Search is almost never a linear activity. To effectively find high-quality sources, you may need to filter, sort, narrow, or expand your search. You may find that you need to alter your keywords, add subject terms from a controlled vocabulary, limit by date, or perhaps even revise your topic. This is all part of having a search strategy, and your search strategy log assignment should help you document the 'paths' you've taken to find your sources.
You need at least 15 sources (15-20 for the annotated bibliography) and 5 sources must be from scholarly journals. NOTE: These requirements are for reference; refer to your course materials for precise requirements. See this video for tips on reading a scholarly journal article.
LibKey Nomad is a helpful browser extension that allows you to quickly find full-text documents from a variety of sources, including references in Wikipedia and Pubmed. See our post for information on downloading.
On Google Chrome, you can configure the extension to work only when you click the icon (see below), or leave the default settings.
Start your search with QuickSearch on the Libraries homepage. This will search across all the Libraries' resources, however you should also try the databases below.
In addition to searching for individual articles and ebooks in our databases, you can also directly browse journals related to your field. You may not have full access to all material, but you can always use our Interlibrary Loan Service to request individual articles.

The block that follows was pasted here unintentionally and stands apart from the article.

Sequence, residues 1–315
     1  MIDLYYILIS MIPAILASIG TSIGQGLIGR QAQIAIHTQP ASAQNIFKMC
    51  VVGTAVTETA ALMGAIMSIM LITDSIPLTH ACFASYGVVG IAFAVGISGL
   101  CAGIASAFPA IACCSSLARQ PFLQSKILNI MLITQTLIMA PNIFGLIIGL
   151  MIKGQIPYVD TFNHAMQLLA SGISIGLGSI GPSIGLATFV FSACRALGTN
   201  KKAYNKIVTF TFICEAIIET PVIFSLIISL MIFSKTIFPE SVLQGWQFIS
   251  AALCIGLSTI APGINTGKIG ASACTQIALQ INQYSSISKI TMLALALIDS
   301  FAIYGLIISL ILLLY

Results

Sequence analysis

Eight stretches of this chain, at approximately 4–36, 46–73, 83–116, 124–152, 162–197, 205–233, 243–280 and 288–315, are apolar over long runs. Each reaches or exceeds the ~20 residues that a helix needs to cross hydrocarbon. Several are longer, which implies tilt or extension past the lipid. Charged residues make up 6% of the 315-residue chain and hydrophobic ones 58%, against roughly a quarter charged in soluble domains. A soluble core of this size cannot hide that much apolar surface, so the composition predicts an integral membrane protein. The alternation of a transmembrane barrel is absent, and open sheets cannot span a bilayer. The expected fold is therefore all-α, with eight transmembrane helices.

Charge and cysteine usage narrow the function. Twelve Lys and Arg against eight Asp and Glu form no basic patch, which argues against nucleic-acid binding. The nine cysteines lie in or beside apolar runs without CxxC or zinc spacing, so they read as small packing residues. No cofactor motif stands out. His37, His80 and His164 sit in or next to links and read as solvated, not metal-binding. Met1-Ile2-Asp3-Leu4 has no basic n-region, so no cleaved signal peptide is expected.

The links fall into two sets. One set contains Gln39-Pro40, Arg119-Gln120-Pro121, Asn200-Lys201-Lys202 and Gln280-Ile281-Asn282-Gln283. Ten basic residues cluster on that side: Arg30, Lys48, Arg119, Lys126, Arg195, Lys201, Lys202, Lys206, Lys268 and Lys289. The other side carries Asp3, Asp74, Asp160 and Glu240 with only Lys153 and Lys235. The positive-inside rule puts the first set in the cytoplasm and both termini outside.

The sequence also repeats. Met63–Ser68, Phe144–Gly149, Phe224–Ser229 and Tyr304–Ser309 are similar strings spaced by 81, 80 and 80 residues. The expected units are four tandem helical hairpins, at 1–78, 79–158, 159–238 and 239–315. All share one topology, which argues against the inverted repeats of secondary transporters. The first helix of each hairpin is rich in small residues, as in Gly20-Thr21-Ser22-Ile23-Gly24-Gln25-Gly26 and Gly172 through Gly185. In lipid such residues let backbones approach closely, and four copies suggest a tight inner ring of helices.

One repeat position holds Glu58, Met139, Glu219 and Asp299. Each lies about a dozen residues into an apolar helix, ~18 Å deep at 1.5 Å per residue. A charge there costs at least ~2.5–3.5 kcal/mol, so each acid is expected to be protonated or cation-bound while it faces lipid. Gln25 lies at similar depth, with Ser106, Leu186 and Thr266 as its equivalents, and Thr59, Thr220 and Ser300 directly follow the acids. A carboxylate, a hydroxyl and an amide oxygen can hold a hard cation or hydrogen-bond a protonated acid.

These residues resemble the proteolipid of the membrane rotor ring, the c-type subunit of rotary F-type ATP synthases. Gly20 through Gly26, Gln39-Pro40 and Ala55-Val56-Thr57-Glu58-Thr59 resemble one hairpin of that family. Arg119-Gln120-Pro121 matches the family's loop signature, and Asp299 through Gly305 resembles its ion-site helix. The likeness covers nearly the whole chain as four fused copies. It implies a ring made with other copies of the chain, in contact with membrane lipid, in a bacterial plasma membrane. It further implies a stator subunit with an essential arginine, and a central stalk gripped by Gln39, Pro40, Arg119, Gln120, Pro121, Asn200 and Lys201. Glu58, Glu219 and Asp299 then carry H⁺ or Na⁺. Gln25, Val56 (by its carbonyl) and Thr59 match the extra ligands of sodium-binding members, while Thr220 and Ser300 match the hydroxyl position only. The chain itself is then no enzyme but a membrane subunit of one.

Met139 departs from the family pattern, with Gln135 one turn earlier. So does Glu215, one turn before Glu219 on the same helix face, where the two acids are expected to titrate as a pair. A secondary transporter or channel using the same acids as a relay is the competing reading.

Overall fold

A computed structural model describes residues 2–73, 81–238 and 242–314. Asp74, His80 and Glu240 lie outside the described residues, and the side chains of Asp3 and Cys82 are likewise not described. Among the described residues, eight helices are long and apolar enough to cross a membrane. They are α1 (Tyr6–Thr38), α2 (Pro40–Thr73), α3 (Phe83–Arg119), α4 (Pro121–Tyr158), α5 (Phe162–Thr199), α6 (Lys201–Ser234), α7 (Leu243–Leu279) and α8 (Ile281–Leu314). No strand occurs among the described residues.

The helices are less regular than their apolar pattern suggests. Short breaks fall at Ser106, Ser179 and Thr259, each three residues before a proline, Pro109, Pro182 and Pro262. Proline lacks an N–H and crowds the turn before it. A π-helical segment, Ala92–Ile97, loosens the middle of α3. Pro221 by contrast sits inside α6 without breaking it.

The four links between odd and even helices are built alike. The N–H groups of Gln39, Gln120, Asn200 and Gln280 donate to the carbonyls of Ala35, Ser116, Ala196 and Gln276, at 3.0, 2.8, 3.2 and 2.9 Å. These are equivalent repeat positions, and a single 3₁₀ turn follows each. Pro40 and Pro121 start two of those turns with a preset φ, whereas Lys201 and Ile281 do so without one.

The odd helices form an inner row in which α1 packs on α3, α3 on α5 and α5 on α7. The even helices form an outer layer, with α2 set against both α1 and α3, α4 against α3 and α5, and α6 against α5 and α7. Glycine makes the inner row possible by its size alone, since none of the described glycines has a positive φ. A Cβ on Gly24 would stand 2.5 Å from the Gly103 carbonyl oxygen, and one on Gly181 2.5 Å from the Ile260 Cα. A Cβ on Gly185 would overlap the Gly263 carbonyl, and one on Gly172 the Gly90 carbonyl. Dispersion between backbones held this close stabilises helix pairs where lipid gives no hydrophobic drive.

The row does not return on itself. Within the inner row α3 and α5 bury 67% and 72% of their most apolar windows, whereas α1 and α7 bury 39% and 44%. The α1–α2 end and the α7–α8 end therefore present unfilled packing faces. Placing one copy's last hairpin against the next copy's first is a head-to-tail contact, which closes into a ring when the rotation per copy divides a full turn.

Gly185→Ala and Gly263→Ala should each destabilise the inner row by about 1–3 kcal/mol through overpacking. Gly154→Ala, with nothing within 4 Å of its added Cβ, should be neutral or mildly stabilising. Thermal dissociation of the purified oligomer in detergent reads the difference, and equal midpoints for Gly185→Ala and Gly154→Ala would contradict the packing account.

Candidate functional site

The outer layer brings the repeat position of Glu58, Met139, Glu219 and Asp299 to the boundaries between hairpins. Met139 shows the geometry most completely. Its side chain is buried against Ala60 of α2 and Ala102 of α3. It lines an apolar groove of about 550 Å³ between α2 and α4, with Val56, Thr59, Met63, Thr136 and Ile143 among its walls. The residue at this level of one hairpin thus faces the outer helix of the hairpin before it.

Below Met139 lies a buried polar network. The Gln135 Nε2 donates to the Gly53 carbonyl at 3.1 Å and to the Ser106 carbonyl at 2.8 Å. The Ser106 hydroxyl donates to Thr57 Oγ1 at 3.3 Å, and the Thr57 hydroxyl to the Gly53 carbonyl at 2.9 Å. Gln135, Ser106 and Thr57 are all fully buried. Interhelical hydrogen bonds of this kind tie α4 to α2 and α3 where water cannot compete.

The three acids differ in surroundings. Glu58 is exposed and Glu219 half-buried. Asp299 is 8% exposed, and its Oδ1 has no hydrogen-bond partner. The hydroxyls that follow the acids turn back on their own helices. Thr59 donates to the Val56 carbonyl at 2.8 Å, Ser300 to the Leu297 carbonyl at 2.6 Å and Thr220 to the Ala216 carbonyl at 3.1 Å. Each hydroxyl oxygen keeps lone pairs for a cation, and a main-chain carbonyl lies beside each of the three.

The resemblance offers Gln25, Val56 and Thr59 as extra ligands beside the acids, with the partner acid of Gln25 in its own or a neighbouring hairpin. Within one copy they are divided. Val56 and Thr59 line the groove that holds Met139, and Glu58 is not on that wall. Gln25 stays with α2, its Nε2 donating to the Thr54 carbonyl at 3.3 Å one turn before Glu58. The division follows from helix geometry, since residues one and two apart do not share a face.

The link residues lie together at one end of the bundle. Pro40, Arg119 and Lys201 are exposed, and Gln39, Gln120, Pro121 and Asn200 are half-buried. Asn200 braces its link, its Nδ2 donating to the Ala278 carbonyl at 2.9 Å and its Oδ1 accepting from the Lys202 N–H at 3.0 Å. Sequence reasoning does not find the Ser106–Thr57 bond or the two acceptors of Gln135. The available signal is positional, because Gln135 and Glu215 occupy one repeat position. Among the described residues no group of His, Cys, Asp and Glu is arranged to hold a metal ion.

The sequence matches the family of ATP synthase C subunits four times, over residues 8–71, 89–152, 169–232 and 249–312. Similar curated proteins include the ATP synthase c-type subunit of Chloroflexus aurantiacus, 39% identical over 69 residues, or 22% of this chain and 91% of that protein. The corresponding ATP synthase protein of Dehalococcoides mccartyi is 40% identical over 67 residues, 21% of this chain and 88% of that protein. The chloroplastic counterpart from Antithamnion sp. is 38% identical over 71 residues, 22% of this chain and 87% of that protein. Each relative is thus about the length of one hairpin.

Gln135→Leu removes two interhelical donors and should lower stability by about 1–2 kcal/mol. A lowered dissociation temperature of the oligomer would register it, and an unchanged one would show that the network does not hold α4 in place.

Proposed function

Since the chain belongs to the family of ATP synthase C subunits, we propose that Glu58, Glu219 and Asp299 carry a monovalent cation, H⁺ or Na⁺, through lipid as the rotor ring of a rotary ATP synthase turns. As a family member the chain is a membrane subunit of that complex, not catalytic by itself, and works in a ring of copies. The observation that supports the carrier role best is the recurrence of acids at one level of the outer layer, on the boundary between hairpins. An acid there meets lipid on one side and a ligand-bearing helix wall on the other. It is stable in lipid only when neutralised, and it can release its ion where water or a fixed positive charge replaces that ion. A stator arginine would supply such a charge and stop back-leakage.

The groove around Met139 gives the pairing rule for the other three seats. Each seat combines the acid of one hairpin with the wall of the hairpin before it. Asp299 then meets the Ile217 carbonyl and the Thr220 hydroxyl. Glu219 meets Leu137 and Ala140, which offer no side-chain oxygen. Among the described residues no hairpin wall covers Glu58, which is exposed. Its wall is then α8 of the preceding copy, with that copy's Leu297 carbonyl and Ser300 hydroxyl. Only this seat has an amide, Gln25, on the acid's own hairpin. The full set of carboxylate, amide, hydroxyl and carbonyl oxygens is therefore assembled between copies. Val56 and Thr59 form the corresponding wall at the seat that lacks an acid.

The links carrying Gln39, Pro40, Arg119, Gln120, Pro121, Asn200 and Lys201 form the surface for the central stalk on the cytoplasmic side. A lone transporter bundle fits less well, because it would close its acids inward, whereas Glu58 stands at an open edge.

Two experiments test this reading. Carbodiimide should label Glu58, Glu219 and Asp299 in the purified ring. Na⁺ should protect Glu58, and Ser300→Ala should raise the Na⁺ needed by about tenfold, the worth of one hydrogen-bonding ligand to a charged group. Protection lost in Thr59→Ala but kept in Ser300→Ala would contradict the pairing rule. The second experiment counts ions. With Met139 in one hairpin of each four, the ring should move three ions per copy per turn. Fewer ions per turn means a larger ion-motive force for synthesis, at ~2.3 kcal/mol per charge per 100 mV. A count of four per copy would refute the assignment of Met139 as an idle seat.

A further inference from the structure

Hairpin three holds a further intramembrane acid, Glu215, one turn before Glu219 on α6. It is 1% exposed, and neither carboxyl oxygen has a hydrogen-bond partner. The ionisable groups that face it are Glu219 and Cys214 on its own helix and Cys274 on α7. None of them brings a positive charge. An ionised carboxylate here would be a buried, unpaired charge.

The Association for Computing Machinery (ACM) maintains this digital library of their publications and others from selected publishers. It includes articles, proceedings, conference materials, and special interest groups. Some articles are free to access, however others may require a subscription (you can always request ILL or check via LibKey Nomad for another version of the article). Student memberships for the ACM are reasonable (currently $42 combined with access to this digital library) and may be useful in your professional development.
Semantic Scholar is an academic search engine from the Allen Institute for AI. Like Google Scholar, it crawls academic web content from publishers and other sources to help you discover scientific literature and data. Some materials will be free to read, others may be available via the Libraries.
Lens.org is a free, an online patent and scholarly literature search interface. Some materials will be free to read, others may be available via the Libraries.
The dblp computer science bibliography provides open bibliographic information on major computer science journals and proceedings. This may be useful for finding a relevant journal, or list of works from a particular author.
Google Scholar is a subset of Google that provides a simple way to broadly search for scholarly literature. It is a great place to start; begin with a broader search and narrow down your terms until you get closer to your topic. When on campus, links to articles found in the Touro databases will automatically appear, but you can enable this functionality at home by accessing the Google Scholar settings and searching for Touro under “Library Links.”
You may find information useful for your papers via Blogs, company websites, government websites, or other sources. These sources sometimes fall into the category Grey Literature. Examine these sources carefully, checking for the affiliation or reputation of the author/publisher, the use of references in the text, and tone or use of advertising, among other factors. For help evaluating sources, see this guide.
Below are some examples: